Transcript in Supreme Court Violent Video Games Case Released
Today, the Supreme Court heard oral arguments on whether or not to uphold a proposed 2005 California law that would make it illegal to sell or rent excessively violent video games to minors. The transcript in the case Schwarzenegger vs. EMA/Entertainment Software Association has been released and makes for an interesting read.
Here are some of the highlights:
- Almost immediately, Justice Antonin Scalia asked the attorney representing the state of California, Zackery Morazzini, what the difference was between a deviantly violent video game and a normally violent video game. He also mentioned the Brothers Grimm, whose fairytales are also pretty violent, and asked if the state would seek to ban those as well.
- The heart of the matter seemed to be the question: Why video games? Why, above all other forms of violent media, are they being singled out by the state of California? Morazzini said that the California legislature had been presented with substantial evidence that the interactive nature of violent video games, where the minor or the young adult is the aggressor, is especially harmful to minors. This lead to newly appointed Justice Elena Kagan asking if a similar study was released suggesting that movies were just as violent, would California seek to regulate them as well? Morazzini danced around the issue, stating that only a narrow category of material would be covered by the law.
- The state of California insists that it doesn't want to act as a censor. Rather, it wants to "erect a barrier in between a retail sales clerk and a minor with regard to violent material" and to make parents more involved in the decision-making process.
- The attorney representing the EMA/ESA, Paul Smith, argued that California is asking the Supreme Court to "grant it a new free pass, a brand-new Ginsberg-like exception to the First Amendment that would deny constitutional protection to some ill-defined subset of expressive works...not just video games, but necessarily movies, books and any other expressive work that describes or portrays violence in a way that some court somewhere, some day, would decide is deviant and offensive."
- Justice Samuel Alito says that because video games are a new medium they present "a question that could not have been specifically contemplated at the time when the First Amendment was adopted." To which Smith replied, "We do have a new medium here, Your Honor, but we have a history in this country of new mediums coming along and people vastly overreacting to them, thinking the sky is falling, our children are all going to be turned into criminals. It started with the crime novels of the late 19th century, which produced this raft of legislation which was never enforced. It started with comic books and movies in the 1950s. There were hearings across the street in the 1950s where social scientists came in and intoned to the Senate that half the juvenile delinquency in this country was being caused by reading comic books, and there was enormous pressure on the industry. They [self-censored]. We had television. We have rock lyrics. We have the Internet."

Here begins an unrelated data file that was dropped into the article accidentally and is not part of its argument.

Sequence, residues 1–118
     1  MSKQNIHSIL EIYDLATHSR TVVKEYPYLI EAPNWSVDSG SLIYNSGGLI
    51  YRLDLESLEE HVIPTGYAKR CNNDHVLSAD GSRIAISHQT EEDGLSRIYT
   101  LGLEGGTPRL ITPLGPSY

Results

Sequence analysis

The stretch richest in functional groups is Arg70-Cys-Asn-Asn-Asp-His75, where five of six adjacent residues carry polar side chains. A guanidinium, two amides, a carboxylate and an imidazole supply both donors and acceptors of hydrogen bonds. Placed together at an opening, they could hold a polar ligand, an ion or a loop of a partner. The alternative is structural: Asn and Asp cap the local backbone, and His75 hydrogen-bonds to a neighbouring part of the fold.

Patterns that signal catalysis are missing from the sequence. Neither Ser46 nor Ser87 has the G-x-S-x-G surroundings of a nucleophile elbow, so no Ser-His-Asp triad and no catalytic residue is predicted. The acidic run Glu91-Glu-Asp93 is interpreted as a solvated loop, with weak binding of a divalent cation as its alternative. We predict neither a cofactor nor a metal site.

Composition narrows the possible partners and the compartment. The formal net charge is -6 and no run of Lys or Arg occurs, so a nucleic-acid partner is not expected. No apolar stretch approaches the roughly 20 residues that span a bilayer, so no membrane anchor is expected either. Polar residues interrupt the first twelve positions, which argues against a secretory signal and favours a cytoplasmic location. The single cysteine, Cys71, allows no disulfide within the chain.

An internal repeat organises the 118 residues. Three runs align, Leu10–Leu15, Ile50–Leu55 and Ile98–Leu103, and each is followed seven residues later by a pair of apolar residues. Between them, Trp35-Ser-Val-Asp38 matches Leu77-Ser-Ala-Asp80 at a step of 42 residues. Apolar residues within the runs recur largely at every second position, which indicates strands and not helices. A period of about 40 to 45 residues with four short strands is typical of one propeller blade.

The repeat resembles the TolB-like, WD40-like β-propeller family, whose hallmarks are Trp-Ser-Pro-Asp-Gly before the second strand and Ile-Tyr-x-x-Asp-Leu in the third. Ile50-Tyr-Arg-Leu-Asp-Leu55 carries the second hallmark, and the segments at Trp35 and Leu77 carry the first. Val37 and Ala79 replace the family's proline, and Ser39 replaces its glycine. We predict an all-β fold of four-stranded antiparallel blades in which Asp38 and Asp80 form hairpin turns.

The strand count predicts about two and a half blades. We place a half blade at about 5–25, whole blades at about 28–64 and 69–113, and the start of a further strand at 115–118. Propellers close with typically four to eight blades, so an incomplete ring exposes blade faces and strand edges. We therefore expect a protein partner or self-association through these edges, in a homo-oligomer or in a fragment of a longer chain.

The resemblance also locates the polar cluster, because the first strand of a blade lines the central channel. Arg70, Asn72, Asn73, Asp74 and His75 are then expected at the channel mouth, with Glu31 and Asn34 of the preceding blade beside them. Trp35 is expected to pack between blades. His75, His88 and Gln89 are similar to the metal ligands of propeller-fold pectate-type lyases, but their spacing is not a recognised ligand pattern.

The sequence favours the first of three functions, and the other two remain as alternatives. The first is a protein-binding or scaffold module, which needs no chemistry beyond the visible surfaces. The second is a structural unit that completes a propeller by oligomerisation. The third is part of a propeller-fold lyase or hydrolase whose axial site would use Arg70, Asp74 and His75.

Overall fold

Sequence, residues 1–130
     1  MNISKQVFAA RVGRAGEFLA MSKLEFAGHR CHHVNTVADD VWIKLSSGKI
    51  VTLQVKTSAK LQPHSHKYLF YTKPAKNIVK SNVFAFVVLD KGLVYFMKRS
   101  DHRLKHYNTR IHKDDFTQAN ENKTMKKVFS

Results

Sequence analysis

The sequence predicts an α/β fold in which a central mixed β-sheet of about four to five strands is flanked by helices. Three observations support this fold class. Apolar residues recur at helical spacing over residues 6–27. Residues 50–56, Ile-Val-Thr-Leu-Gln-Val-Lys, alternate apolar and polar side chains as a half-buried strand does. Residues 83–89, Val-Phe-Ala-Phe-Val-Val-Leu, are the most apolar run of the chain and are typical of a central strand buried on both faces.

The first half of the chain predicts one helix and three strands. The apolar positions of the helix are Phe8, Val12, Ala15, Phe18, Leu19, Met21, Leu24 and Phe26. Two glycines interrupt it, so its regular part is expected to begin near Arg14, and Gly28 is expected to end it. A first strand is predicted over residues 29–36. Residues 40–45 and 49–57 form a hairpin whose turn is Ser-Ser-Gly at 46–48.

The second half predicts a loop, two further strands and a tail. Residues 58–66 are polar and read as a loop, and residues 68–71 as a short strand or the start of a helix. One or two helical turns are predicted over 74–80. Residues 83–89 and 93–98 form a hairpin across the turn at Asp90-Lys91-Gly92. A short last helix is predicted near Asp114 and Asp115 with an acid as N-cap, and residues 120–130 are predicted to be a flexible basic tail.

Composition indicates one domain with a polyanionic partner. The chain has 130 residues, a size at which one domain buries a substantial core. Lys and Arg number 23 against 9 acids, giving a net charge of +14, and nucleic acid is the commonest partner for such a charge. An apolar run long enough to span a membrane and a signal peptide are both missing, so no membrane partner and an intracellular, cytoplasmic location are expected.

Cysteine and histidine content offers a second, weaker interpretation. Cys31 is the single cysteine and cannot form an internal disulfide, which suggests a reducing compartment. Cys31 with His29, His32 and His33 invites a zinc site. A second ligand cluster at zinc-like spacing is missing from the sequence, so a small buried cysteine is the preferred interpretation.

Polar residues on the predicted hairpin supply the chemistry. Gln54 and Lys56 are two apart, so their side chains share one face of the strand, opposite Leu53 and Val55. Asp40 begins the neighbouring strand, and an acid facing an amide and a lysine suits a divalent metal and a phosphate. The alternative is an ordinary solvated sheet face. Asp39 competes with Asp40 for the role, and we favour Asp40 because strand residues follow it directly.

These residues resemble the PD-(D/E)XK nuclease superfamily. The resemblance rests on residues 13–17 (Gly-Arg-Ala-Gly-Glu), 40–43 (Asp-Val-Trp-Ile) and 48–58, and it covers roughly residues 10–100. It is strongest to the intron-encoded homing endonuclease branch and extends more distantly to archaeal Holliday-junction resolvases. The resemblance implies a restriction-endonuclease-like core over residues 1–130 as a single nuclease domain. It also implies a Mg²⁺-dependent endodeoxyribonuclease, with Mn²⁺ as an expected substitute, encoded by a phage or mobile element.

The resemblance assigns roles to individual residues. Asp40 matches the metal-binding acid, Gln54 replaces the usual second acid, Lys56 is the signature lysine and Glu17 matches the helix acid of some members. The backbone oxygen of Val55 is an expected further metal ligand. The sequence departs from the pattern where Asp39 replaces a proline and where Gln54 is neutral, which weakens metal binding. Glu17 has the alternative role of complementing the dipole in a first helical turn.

- The differences between a narrative and non-narrative video game were discussed, and whether or not the law would regulate narrative or simply the violent acts themselves. "The events in a video game -- what happens in the plot is a combination of what the game gives you and what the player adds to it," said Smith. "There is a creative aspect coming at it from the other side. It's often referred to as a dialogue between the player and the game. I would submit that both are completely protected by the First Amendment."
- Smith goes on to say that California has "not shown any problem, let alone a compelling problem, requiring regulation here in a world where parents are fully empowered already to make these calls, where crime, including violent crimes, since the introduction of these games has been plummeting in this country, down 50 percent since the day Doom first went on the market 15 years ago; in a world where parents are fully aware of what's going on in their homes and aware of the ratings system and can use all the other tools that [the gaming industry has] talked about." Smith also argues that the law California wants to impose will conflict with the ESRB ratings that are already on the packaging of every video game sold, ratings that parents use every day to make judgments on whether or not a game is appropriate for their children.
- When Justice Sonia Sotomayor asks if a game portraying a Vulcan being maimed and tortured would be covered by the law, attorney Morazzini says no, because the law is only directed towards the range of options that are able to be inflicted on a human being. (Spock doesn't count? He's half human!)
Having read through the entire transcript, it appears that the Supreme Court is siding with the video games industry. However, we won't know for sure until an official ruling is made.